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All Behavior Makes Sense: Play Therapy with Kids with Vulnerable Nervous Systems
April 13 @ 9:00 am - 12:15 pm CDT$162 – $180
CEs Available: 6 | Two Day Training | Virtual
All behavior makes sense – except the ones that don’t! Some children have big, baffling behaviors that leave even seasoned play therapists confused, overwhelmed, burned-out or referring-out. This confusion leaves play therapists feeling ineffective and parents feeling hopeless.
Theories of human development and behavioral neuroscience, including polyvagal theory (Stephen Porges), the neurosequential model of therapeutics (Bruce Perry), and attachment theory (John Bowlby) help us make sense of even the most baffling behaviors in our play therapy clients. Understanding what behavior really is begins the roadmap for treatment planning. Play therapists (and parents) can stop playing behavior whack-a-mole and experience better client outcomes by shifting the focus away from behavior and toward the brain and autonomic nervous system.
Attendees will learn a playful paradigm that will decode even the most confusing behaviors in children, as well as in parents and even ourselves. When children learn how their challenging behaviors are the heroic ways their watchdog and possum brains are working hard to keep them safe, they can develop the inner felt safety to connect with and soothe these overworked and confused parts of self. Playfully connecting to our client’s inner communities decreases shame and increases integration, ultimately decreasing challenging behaviors.Register
This virtual special program will take place April 13-14, 2023 from 9am-12:15pm CDT each day. View this training’s detailed agenda.
Robyn Gobbel, LMSW-Clinical, has 20 years of practice in family and child therapy experience, specializing in complex trauma, attachment, and adoption. She has integrated her diverse clinical training to create an attachment-rich, sensory-sensitive, and relational neurosciences supported healing environment for children and families. Robyn consults, teaches, and trains extensively throughout the US. She is a podcast host and author of the forthcoming Raising Kids with Big, Baffling Behaviors: Brain-Body-Sensory Strategies that Really Work.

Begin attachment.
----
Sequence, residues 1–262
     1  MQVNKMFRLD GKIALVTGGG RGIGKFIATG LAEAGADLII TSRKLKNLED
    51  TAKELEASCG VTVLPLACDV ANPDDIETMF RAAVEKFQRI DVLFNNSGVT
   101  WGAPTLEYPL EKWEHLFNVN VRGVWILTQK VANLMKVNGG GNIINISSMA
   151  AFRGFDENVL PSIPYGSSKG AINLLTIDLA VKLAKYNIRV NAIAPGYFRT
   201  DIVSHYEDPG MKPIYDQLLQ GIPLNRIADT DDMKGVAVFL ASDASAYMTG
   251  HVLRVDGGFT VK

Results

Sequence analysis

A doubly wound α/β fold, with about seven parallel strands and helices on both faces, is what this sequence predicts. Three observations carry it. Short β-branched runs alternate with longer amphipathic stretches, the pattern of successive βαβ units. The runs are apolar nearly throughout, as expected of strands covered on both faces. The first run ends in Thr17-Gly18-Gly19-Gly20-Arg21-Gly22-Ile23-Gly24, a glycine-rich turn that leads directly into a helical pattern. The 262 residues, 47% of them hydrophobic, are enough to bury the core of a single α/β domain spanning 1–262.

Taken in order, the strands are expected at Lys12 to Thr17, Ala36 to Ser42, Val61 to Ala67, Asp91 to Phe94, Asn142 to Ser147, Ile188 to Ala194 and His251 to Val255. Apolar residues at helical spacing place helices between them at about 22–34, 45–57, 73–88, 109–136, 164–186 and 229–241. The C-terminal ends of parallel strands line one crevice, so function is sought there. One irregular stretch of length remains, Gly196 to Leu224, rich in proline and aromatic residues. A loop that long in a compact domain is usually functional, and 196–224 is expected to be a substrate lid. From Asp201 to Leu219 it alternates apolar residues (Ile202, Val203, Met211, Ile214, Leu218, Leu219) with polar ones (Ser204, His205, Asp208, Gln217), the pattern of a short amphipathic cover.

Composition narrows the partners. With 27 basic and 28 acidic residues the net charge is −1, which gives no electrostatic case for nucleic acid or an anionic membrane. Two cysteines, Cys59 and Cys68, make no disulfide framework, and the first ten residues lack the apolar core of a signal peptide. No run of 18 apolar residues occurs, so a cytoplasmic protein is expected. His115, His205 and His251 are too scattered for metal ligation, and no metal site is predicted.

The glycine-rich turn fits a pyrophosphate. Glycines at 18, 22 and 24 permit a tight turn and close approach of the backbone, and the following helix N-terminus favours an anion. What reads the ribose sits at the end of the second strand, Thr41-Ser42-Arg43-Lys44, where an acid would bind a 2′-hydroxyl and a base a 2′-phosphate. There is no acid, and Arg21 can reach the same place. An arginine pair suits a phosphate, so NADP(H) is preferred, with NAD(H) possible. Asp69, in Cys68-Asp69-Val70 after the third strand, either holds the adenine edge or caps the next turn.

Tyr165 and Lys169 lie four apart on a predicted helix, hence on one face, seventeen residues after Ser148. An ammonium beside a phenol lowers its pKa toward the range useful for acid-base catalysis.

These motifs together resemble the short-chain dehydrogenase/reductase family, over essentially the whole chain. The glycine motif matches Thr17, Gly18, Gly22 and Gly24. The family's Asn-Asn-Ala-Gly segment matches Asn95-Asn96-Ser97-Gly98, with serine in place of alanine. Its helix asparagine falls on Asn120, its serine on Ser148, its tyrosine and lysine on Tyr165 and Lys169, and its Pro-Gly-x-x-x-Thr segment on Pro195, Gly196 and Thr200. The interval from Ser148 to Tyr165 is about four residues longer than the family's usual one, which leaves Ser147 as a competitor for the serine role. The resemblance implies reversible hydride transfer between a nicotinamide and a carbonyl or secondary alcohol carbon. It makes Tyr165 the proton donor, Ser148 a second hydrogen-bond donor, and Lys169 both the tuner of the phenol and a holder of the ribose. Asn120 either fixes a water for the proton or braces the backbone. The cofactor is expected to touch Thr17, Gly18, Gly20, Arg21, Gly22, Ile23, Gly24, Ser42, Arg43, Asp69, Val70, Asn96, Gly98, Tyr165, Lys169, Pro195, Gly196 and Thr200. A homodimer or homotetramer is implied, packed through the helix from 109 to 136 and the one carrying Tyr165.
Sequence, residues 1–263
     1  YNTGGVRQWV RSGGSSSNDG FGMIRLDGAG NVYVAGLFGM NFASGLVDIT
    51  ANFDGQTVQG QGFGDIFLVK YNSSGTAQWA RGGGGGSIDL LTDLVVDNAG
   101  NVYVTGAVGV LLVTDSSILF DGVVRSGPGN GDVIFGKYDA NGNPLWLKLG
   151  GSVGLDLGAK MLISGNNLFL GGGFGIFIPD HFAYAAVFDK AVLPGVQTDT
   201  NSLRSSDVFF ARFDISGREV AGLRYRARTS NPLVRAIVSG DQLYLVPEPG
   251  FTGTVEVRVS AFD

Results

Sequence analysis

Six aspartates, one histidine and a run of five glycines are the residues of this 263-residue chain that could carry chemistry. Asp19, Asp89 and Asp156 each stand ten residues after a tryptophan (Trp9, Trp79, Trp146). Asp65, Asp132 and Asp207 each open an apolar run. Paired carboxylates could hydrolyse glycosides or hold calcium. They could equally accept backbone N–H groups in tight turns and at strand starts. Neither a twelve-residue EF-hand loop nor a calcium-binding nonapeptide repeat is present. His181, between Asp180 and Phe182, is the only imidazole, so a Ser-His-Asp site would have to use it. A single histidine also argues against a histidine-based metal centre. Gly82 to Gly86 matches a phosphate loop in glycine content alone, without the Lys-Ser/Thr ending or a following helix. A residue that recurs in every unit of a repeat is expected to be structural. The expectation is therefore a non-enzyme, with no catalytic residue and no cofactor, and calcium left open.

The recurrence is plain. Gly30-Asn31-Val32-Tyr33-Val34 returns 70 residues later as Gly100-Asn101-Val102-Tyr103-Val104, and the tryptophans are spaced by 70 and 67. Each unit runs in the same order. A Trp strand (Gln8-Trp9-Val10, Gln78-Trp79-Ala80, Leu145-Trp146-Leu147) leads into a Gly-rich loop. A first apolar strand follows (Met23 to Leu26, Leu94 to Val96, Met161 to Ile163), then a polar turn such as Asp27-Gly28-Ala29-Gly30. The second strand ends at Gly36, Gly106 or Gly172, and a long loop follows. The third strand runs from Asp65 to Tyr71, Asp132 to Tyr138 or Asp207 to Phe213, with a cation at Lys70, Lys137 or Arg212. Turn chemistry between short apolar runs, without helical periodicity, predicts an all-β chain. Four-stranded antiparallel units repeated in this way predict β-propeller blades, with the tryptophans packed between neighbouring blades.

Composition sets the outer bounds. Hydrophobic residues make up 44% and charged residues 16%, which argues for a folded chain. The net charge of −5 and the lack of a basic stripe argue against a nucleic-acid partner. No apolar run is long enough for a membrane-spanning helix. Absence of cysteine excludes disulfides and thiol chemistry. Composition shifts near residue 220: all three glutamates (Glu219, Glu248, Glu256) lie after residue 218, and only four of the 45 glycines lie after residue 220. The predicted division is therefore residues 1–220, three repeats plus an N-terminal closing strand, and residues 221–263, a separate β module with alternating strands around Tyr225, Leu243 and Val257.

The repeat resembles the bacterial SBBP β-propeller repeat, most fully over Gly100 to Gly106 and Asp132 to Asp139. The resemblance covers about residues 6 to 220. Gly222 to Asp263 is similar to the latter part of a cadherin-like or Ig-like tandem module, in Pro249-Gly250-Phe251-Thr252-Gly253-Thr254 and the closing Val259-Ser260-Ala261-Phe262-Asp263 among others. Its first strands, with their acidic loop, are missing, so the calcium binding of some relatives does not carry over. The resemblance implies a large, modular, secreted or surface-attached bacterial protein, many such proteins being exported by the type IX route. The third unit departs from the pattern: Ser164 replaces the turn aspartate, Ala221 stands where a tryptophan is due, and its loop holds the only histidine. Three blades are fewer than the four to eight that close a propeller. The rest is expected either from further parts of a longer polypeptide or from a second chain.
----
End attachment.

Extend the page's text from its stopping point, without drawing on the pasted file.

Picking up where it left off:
- Overview of polyvagal theory and apply to play therapy client behavior.
- Overview of neurosequential model of therapeutics and apply to play therapy client behavior.
- Owl brain- characteristics and how to strengthen with play therapy interventions.
- Watchdog brain- characteristics and how to calm with play therapy interventions.
- Possum brain- characteristics and how to calm with play therapy interventions.
Participants will be able to:
- Describe the 2 branches of the autonomic nervous system and how they respond during play therapy.
- Describe how a sensitized stress response system contributes to confusing and baffling behaviors in play therapy clients.
- List 3 parts of play therapy clients’ inner communities that often present in play therapy.
- Identify 3 play therapy techniques that strengthen a play therapy client’s ‘owl’ brain (ventral vagal complex).
- Identify 3 play therapy techniques that bring safety to a play therapy client’s ‘watchdog’ brain (sympathetic nervous system).
- Identify 3 play therapy techniques that bring safety to a play therapy client’s ‘possum’ brain (dissociation continuum/dorsal vagal complex).
Who Should Attend?
People who work with children and families in many different capacities will benefit from training programs offered by The Theraplay Institute. Visit our Who Should Attend page for more information. This course’s Content Level is Intermediate.
View this program’s bibliography for books and other materials referenced in the development of the content for this program.
Special Notes: Our cancellation policies have been temporarily adjusted to reflect our response to the pandemic and local government and health department directives. Please review this policy before completing your registration. We urge all participants to put their health and that of members of their communities first.
For information about our CE process, cancellation policy, and how to contact us with questions and concerns visit our FAQ page.
There is no conflict of interest or commercial support for this program.